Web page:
In other words, it is known that, in embodiment 4, irradiation with an irradiation energy density of 1.5 J/cm2 or more enables sufficient activation of the layer of implanted impurity ions in the side wall. Therefore, when an isolation layer is formed by ion implantation into the side wall of a trench 1 mm or less in depth to the bottom, irradiation with an irradiation energy density of 1.5 J/cm2 or more enables sufficient activation of the implanted impurity ions.

In a reverse-blocking IGBT, for a wafer with a thickness up to 1 mm in which electrical characteristics such as a breakdown voltage can be ensured, an isolation layer can be formed by carrying out this laser annealing. Moreover, for a wafer with a trench less than 10 μm in depth to the bottom, laser annealing has already been used in forming an integrated circuit. Therefore, the laser annealing can be applied to a wafer with a trench between 10 μm and 1 mm in depth to the bottom.

According to embodiment 3 or 4, the adverse effect due to oxygen can be eliminated more than in the case in which the isolation layer is formed by a coating and diffusion method, so that a far more excellent rate of acceptable products (>90%) can be ensured. Moreover, low temperature annealing (embodiment 3) or laser annealing (embodiment 4) used for activating the above-described isolation layer allows the isolation layer to be provided uniformly with a shallow diffusion depth. This can minimize an area of the isolation layer occupying the semiconductor chip to allow device pitch to be reduced. Explanation of embodiment 4 was made by limiting the formation of the isolation layer with laser annealing to the case in which the formation was carried out after the semiconductor wafer was affixed to the supporting substrate with the double-sided adhesive tape. However, the laser annealing technique is also highly effective for a case in which the isolation layer is formed by a method other than the method carried out by affixing the semiconductor wafer to the supporting substrate.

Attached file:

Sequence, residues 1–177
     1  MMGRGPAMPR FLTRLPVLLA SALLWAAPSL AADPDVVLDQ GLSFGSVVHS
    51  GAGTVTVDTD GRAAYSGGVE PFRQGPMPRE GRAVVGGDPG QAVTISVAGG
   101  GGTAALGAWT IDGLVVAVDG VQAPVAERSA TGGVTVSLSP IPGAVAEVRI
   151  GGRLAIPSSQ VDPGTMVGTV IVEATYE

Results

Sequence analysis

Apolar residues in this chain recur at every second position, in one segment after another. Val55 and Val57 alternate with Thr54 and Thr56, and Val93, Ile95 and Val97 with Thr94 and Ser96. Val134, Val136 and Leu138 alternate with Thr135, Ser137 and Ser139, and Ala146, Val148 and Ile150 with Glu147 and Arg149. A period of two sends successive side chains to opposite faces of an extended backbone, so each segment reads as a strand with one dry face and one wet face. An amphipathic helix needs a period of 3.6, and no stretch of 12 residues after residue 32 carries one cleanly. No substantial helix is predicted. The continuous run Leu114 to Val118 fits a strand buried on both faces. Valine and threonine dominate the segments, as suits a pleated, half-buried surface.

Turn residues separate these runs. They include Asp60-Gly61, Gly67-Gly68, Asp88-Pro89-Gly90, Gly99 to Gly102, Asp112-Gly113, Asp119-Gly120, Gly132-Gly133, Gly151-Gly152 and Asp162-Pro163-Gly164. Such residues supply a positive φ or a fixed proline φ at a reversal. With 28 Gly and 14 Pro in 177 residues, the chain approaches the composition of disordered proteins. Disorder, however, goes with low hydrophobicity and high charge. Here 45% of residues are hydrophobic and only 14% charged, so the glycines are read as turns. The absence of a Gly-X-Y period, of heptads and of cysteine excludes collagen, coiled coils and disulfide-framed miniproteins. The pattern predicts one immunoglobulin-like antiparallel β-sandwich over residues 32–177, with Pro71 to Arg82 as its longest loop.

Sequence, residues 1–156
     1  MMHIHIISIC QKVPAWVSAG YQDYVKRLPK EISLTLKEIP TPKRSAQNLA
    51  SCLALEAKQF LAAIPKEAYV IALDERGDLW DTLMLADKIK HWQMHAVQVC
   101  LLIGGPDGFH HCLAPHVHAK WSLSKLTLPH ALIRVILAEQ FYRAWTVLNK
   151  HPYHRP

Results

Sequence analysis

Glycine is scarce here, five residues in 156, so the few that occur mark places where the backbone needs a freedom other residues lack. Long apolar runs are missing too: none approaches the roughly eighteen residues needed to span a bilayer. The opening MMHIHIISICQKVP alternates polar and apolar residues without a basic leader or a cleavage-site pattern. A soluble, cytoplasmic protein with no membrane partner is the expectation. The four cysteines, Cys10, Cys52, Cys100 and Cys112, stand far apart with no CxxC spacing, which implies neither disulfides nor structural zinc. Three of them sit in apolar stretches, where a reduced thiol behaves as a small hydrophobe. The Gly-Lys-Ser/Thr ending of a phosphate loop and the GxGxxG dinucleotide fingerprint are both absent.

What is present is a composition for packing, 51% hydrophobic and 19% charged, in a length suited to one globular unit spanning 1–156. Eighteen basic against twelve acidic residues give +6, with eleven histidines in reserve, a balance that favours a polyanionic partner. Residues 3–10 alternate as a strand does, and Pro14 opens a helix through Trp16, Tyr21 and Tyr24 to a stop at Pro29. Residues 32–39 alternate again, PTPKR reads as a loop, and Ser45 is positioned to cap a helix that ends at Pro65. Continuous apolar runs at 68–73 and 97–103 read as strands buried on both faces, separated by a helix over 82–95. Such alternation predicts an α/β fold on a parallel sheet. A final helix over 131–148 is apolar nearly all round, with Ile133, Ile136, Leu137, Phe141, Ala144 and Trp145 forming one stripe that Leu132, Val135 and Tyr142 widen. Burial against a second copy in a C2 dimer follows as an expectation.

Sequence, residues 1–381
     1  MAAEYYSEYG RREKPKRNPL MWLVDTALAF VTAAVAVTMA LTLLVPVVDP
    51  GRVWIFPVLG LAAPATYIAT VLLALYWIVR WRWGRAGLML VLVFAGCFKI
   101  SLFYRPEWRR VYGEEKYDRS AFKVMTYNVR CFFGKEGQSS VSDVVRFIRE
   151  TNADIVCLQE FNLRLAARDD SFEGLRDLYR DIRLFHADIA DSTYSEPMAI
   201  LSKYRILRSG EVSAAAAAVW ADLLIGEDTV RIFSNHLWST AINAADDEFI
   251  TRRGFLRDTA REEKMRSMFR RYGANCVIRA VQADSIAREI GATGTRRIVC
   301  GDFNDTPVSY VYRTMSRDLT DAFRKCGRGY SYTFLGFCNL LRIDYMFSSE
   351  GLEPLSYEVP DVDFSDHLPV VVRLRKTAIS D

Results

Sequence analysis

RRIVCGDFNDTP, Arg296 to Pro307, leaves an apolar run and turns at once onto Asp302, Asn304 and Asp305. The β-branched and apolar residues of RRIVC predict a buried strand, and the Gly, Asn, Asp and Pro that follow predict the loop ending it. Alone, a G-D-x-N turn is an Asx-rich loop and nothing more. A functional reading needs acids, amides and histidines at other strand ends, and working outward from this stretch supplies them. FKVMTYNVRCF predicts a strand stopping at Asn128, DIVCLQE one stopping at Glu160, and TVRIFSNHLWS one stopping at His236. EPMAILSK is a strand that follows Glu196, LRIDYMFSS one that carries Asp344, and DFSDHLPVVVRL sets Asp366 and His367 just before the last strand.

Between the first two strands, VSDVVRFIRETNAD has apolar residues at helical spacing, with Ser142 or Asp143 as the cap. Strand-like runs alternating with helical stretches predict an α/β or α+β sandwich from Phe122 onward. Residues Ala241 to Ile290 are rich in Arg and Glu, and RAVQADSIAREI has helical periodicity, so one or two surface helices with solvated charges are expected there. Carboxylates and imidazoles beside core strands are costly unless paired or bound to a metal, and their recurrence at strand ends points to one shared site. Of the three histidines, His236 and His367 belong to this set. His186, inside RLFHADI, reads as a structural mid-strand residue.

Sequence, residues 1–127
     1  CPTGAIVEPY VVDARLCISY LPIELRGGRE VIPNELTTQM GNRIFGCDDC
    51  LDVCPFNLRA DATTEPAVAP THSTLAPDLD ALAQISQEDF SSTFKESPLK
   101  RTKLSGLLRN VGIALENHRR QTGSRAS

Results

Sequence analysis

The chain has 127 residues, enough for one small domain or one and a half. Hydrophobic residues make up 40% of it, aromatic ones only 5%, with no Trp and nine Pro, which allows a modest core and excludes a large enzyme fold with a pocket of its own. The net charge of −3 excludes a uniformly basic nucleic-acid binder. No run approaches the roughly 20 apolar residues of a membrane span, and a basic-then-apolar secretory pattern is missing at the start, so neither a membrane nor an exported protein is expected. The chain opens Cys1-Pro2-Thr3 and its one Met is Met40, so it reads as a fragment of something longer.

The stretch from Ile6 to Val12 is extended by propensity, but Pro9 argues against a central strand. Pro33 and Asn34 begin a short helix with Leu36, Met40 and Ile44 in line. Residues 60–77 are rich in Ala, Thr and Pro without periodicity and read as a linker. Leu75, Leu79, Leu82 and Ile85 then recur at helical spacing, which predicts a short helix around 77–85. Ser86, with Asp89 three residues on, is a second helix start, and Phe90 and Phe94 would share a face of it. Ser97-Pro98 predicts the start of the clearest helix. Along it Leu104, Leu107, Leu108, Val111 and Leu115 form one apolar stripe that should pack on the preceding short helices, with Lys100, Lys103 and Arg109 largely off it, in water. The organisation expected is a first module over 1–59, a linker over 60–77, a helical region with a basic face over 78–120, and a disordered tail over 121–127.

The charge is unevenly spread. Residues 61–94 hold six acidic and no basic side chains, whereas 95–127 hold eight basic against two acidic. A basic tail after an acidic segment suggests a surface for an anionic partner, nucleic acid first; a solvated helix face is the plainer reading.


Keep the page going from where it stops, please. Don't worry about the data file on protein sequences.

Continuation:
Embodiment 5

FIG. 26 and FIG. 27 are cross sectional views showing a method of manufacturing a reverse-blocking IGBT according to embodiment 5 of the invention in the order of manufacturing steps with the IGBT presented by its principal part. As shown in FIG. 26 and FIG. 27, the method of manufacturing a reverse-blocking IGBT according to embodiment 5 is provided as follows. Namely, in the method of manufacturing an IGBT according to embodiment 4, after the isolation layer is formed, dicing (laser dicing) 148 is carried out by laser irradiation to cut p collector region 110 and collector electrode 111 at the bottom of the trench. Then, thermal foaming tape 138 is heated so that thin semiconductor wafer 101 is removed from double-sided adhesive tape 137. Elements similar to those in embodiment 4 are denoted with the same reference numerals and signs as those in embodiment 4, and explanations about these are omitted.